At the San Francisco Film Festival earlier this year, I gave a talk about the Netflix series “The Crown” and showed 15 minutes of clips. Afterward, several people said that while they enjoyed “The Crown” at home on their TVs, there was an extra thrill in watching these clips on the big movie screen at SFMOMA. On that scale, you could feel the drip of anointing oil in the coronation scene and see fleeting thoughts behind Claire Foy’s eyes that had been vague at home.
We wondered: If the Festival had elected to show all of “The Crown” (so far) in a movie theater — all 20 hours — would an audience come? “How would you do that?” someone asked. I suggested showing it over four days, five hours at a time.
But I thought to myself: Would people really sit for that? Then someone else leaped at the plan. “Bingeing!” she cried, as if that was the richest experience in life. Others nodded in agreement, and I realized how many of us are now addicted to marathon viewings.
I had to admit that the productions that had most impressed me in recent years were Peter Morgan’s “The Crown” (20 hours), Ezra Edelman’s “O.J.: Made in America” (8 hours) and “The Vietnam War” (16 1/2 hours) by Ken Burns and Lynn Novick. Those television adventures belied the motion picture business orthodoxy that a movie should be just two hours and a bit — because that’s what people are used to.
Of course, there are still good movies made at that traditional length — but the habit of going to a theater for a two-hour block of time has been undermined by ways of life learned from our home screens.
The term “binge-watching” is quite recent. It was inspired by the wave of high-quality long-form TV series that started a couple of decades ago with “The Sopranos” and “The Wire.” Our desire to see those series in their entirety made them available first as boxed sets of DVDs and then in the ultimate logic of streaming.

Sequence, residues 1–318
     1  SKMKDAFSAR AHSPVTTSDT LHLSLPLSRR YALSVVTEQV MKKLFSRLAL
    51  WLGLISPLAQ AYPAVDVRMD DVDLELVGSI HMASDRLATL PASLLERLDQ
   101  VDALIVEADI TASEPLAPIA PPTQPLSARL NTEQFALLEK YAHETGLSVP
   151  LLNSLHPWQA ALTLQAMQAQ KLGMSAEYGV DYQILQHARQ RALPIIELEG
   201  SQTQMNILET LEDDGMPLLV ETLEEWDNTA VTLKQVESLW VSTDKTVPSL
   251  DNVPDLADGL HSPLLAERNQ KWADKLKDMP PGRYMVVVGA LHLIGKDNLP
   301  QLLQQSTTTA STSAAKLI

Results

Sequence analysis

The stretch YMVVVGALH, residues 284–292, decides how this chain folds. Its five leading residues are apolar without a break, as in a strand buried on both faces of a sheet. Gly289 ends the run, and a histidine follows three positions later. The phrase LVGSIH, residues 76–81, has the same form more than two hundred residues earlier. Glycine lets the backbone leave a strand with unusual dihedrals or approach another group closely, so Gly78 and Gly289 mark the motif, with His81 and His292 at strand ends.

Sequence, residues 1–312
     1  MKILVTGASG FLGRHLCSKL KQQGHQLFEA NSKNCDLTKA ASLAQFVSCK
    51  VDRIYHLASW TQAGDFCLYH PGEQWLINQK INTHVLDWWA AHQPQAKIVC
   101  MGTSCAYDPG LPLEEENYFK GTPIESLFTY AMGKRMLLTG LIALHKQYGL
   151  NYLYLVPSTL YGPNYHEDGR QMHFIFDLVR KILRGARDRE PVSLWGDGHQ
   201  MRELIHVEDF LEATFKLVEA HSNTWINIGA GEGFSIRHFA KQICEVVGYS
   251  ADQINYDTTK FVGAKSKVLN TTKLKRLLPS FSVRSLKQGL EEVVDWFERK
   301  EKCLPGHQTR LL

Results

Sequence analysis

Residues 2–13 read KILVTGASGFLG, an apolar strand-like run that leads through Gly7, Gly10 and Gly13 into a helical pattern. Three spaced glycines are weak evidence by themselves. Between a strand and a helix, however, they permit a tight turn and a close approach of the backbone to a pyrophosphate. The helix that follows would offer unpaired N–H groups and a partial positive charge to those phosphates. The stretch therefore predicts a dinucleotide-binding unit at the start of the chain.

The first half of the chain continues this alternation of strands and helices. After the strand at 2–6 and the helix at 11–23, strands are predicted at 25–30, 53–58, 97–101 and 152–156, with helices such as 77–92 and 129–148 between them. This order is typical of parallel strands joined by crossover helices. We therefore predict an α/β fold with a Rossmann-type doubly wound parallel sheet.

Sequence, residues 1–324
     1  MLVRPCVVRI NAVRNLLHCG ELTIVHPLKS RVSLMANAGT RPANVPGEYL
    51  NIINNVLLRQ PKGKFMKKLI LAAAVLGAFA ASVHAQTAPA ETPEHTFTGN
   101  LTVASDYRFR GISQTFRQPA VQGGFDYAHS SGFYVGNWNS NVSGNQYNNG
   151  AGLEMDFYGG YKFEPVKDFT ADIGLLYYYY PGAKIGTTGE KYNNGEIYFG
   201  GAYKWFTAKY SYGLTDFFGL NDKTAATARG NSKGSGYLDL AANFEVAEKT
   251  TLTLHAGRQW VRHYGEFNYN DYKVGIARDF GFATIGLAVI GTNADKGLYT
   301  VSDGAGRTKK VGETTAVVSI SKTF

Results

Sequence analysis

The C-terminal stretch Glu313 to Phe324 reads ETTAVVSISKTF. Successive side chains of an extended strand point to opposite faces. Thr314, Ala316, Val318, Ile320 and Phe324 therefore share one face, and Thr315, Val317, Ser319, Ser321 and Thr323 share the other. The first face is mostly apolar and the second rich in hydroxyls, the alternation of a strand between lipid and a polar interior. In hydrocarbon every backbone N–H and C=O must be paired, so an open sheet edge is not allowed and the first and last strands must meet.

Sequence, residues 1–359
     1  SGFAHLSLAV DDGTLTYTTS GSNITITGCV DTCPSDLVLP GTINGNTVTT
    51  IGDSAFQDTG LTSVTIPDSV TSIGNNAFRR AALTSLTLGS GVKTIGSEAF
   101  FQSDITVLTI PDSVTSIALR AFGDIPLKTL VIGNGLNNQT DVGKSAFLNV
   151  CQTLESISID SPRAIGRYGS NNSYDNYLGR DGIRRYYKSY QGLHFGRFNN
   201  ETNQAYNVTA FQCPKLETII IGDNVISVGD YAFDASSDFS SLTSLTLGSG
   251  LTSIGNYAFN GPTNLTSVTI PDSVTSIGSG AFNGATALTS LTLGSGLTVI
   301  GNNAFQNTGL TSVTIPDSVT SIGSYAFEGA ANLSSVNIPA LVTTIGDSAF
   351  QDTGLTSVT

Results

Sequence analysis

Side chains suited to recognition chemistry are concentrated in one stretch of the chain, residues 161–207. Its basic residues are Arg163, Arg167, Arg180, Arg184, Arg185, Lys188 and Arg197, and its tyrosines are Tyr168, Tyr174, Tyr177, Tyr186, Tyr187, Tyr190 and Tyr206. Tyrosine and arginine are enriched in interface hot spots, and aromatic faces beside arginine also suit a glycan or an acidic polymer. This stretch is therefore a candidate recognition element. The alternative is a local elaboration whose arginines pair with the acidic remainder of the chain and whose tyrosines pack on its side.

But bingeing is far older. In so many households, TV always was a passive binge experience. We settled around the set in the evening and watched or half-watched until bedtime, never changing the channel. We had not been concentrating for five hours, but the picture had stayed on — like the light or the heating, ever present. TV always has surpassed the conditions of attention we were accustomed to from movie theaters.
The shift to home viewing of long-form series was both different and familiar. From 2008, over five seasons, once a week, I more or less watched “Breaking Bad.” I missed several of the 62 episodes (life intervened) but I thought highly of the series, even if on AMC the 55-minute episodes were interrupted by commercials.
A few years after “Breaking Bad” concluded, I was asked to write about it. I had the complete boxed set (without ads) and I took in all 49 hours in a gulp over a long weekend. All of a sudden, I saw that the show was a masterpiece, a novel delivered as a (long) movie in my home; it was more satisfying than any theatrical film I encountered in the same years. I did not want it to end, and I was moved by the medium’s new capacity to let characters and story unfold at the pace of life itself. Movies in theaters began to seem archaic and cautious. The creative ambition of our screens was expanding.